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August 1969

Treatment of Bleeding Esophageal Varices in Portal-Systemic Shunt Failures: By Extensive Gastrectomy, Esophagogastrectomy, or Total Esophagectomy

Author Affiliations

From the Department of Surgery, University of Minnesota Medical School, Minneapolis. Dr. Bernstein is now at the University of California at San Diego, LaJolla.

Arch Surg. 1969;99(2):171-178. doi:10.1001/archsurg.1969.01340140043007

In some patients with massive hemorrhage from esophageal varices, and particularly in extrahepatic portal obstruction, shunting procedures fail to prevent further significant bleeding or are technically impossible. For this relatively small group of patients with portal hypertension, a variety of approaches have been proposed, including varix ligation,1 hepatic or splenic arterial ligation,2 injection of sclerosing agents,3 omentopexy,4 mediastinal packing,5 gastric and esophageal transection and resuture,6-8 and gastric and esophageal resection. These latter operations have been designed either to excise the acid-secreting portions of the stomach and thereby prevent acidpeptic erosion of the mucosal covering of the varices, or to excise the varix tissue itself.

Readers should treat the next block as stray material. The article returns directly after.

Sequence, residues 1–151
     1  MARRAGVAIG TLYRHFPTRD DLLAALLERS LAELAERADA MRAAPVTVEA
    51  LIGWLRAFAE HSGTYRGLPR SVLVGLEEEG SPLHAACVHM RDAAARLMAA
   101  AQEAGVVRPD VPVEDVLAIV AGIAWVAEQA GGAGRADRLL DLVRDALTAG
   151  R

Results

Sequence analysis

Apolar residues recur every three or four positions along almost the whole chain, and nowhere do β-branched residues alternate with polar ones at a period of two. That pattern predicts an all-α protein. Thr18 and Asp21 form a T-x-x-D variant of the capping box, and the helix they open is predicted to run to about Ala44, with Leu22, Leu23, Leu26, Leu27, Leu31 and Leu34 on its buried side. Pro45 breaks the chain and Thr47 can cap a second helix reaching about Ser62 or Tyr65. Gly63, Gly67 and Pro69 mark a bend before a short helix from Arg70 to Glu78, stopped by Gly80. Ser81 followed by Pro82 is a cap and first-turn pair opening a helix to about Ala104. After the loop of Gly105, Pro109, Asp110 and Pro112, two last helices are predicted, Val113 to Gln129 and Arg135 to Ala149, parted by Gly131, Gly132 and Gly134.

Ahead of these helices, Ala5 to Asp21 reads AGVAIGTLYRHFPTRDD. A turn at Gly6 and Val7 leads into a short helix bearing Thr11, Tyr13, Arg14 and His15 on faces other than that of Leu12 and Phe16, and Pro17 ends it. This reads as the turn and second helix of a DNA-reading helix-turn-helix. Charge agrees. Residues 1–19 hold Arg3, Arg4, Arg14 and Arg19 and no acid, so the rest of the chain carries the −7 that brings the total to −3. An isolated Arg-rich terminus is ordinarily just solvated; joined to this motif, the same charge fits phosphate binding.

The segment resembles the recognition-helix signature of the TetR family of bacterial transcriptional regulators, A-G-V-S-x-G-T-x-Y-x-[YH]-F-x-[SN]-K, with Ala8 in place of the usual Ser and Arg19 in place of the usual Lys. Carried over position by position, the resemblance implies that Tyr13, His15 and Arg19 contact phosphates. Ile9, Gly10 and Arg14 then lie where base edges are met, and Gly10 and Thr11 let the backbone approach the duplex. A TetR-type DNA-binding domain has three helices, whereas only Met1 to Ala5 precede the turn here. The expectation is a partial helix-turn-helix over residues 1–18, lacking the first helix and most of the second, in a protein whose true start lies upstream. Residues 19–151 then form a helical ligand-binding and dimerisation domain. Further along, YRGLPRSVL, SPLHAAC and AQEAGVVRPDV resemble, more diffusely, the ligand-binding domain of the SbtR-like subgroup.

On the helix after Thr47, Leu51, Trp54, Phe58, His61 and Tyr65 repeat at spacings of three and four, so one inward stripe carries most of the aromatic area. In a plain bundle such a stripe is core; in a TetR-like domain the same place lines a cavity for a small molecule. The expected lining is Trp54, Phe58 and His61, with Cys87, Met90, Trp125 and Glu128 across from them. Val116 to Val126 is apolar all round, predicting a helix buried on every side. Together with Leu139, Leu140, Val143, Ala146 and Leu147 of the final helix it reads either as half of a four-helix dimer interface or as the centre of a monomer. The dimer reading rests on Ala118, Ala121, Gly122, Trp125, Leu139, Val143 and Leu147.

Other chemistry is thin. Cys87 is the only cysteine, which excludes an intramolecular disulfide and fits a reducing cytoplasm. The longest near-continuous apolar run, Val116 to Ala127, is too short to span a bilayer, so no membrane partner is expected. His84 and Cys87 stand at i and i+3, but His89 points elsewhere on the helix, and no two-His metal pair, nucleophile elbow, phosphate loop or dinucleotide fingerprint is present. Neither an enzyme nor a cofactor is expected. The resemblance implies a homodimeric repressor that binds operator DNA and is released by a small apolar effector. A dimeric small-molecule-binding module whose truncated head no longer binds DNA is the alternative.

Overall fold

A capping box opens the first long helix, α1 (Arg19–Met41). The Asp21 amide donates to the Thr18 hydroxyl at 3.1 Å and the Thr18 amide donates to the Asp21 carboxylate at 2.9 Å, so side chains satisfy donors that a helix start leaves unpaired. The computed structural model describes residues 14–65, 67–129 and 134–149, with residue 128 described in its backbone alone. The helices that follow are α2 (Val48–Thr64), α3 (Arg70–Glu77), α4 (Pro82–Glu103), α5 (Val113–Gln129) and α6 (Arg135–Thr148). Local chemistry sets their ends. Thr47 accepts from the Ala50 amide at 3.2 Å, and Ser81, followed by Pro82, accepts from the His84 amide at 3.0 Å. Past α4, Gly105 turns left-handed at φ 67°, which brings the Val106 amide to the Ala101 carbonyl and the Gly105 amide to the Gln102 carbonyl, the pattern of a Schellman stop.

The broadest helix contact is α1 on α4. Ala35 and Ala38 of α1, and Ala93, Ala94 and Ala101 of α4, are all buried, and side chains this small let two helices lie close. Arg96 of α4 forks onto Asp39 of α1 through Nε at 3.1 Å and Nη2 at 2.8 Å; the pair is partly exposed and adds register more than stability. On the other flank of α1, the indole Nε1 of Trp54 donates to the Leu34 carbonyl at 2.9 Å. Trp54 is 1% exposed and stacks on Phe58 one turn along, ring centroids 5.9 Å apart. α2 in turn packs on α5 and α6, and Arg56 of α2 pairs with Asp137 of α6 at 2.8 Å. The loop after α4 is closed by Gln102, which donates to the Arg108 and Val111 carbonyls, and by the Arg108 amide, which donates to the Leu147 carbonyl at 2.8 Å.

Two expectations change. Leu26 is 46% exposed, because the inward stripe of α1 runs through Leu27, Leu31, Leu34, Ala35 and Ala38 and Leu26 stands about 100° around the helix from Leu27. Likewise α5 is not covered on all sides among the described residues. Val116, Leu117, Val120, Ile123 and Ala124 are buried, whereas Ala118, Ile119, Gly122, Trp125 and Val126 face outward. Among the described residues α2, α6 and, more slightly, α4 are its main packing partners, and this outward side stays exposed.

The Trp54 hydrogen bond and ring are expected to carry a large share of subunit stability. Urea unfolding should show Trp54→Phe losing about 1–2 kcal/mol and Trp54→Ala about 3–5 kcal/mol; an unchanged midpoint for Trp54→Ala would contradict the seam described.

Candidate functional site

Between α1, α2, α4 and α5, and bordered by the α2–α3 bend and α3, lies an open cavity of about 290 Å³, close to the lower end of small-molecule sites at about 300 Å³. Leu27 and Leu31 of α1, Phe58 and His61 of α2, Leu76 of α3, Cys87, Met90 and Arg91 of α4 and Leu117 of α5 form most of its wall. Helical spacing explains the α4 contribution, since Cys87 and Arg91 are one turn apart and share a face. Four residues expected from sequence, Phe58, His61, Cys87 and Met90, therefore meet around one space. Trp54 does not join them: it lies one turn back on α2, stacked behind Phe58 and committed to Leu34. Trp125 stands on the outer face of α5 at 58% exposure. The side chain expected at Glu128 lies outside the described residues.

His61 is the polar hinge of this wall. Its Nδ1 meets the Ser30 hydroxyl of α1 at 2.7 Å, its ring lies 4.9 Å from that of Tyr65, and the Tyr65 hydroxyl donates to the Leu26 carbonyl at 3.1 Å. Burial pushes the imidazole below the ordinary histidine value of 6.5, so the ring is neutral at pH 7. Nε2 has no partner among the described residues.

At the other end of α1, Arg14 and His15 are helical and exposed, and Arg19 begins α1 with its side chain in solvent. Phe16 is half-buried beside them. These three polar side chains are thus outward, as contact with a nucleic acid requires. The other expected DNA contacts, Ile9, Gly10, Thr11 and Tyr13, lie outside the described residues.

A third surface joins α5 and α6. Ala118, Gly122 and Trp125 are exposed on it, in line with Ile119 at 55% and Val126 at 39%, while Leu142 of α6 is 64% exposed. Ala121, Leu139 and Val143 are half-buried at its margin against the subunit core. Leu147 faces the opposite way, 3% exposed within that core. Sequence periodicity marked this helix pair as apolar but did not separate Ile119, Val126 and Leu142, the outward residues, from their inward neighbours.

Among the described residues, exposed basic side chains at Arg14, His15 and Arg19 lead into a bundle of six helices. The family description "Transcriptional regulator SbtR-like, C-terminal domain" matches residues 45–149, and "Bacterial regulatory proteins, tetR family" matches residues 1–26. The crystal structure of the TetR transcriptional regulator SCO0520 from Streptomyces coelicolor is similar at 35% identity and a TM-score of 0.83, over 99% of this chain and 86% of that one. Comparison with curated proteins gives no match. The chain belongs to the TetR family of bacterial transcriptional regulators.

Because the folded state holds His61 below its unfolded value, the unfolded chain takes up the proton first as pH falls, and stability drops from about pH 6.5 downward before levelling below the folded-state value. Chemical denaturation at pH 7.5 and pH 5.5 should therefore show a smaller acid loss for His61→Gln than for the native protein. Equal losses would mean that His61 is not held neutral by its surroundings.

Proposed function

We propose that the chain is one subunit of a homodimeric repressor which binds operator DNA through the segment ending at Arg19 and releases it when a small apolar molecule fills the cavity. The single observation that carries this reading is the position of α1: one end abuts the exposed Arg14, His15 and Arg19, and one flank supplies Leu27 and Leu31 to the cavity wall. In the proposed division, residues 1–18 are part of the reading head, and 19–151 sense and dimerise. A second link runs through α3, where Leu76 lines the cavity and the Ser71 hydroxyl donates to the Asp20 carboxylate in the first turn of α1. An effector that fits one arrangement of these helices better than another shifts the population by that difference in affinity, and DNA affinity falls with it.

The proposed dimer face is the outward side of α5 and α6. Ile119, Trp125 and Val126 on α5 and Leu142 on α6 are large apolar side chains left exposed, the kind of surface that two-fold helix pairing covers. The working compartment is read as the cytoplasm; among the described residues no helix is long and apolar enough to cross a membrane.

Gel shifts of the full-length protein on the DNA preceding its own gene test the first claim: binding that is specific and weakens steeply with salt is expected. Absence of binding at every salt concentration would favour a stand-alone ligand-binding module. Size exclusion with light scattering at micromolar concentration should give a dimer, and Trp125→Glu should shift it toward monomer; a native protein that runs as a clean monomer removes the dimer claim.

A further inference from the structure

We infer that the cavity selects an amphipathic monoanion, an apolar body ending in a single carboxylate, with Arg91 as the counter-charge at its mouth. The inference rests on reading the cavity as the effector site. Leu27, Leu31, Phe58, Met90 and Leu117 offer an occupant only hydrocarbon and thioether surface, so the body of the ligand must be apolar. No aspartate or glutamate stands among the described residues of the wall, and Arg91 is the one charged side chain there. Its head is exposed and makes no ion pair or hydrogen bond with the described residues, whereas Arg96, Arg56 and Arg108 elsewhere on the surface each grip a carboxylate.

The introduction of procedures involving excision of the stomach and esophagus occurred during the same years that the potral-systemic shunt procedures were first clinically introduced on a broad scale (Table 1).9-14 However, the number of patients subjected to such

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